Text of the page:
I asked if I could take their photo and there were more than happy to comply.

After my little photo shoot with the boys I ventured into the Craft Market and found this man trying to teach 3 boys how to use African sticks.
DD says, always be prepared with yours camera.

Still a bit groggy from the flight not much looked interesting to me except the products created from tea bags that are sent from around the world and repurposed as art.  This woman is one of 8 artists, from a close by township, who make and sell many different products made from teabags.  They love to receive bags so if you are a tea drinker start saving.

My last stop was to see if I could book a seat on the boat to Robben Island for later in the week.  I loved this sign that shows how far different places in the world are from Cape Town.

Enough for one day.  More tomorrow.

Tuesday, October 29, 2013

LAX to Heathrow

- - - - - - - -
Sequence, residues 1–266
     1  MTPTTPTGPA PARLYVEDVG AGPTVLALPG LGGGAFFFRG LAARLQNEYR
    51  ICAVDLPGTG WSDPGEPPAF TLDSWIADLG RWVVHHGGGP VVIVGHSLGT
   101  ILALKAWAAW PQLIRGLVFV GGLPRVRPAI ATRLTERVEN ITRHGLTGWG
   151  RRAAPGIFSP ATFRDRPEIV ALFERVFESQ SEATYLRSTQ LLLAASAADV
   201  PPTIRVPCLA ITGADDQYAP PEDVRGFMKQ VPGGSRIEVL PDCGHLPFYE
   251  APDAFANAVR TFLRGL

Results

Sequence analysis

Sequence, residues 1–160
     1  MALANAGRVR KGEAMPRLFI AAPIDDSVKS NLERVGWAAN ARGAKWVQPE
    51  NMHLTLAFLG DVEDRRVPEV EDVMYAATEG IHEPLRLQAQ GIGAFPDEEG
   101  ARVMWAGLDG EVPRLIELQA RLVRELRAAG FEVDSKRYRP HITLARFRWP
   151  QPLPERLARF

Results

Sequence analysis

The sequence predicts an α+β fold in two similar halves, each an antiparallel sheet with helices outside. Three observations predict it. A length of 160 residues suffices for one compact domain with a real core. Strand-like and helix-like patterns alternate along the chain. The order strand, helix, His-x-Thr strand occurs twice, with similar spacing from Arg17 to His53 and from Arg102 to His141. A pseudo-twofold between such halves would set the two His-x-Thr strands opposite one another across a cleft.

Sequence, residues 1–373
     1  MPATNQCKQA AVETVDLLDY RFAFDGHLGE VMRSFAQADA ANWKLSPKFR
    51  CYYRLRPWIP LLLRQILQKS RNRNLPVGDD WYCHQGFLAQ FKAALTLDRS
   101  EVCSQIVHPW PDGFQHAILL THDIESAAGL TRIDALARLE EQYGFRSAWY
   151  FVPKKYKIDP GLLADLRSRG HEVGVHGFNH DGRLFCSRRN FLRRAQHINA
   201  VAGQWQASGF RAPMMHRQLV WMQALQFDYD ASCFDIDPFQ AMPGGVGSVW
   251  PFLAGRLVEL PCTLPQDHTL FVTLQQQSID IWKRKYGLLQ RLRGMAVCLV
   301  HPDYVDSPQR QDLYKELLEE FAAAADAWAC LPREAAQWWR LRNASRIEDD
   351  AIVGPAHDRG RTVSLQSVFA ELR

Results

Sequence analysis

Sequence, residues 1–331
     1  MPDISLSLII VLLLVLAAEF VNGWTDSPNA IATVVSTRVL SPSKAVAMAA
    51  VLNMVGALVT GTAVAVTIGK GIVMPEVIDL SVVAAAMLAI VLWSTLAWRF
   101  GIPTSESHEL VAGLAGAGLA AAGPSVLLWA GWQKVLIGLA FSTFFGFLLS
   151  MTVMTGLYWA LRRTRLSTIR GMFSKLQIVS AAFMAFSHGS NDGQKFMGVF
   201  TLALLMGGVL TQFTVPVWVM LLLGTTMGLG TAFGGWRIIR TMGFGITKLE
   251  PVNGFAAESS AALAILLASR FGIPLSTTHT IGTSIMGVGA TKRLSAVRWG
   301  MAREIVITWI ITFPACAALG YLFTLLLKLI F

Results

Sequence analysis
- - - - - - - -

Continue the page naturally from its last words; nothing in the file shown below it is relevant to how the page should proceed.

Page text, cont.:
October 26, 2013

A new journey, Digital Diva on The Road Again.  This time from LAX to London to Cape Town, arriving in Cape Town after 2 nights on an airplane.
This journey didn't start off so fabulously.  I have never done this before.  I had a small travel wallet that had my drivers license, atm card, and $300.00.  I went to pick up the one-way vehicle I ordered to drive to LA.  I made two other stops before going home and I was sure I used the house key that I had put in the wallet to get into the house.  At 2:00 p.m. when I was set to leave SB I couldn't find that wallet.  I tore up my house and my luggage but to no avail I couldn't find it.  Fortunately I had my passport, other credit cards and foreign currency in another wallet.  Oy, like I said in all my years of travel I have never done this.  I was not the happiest camper and at 3:00 p.m. I had to leave.  One of the consolations was that on my drive to LA, I received a phone call from Zoey in Australia telling me Emily and I could stay at her friends flat in London at the end of the trip.  That alone is way worth more than the $300. I lost or misplaced.  OY Oy Oy.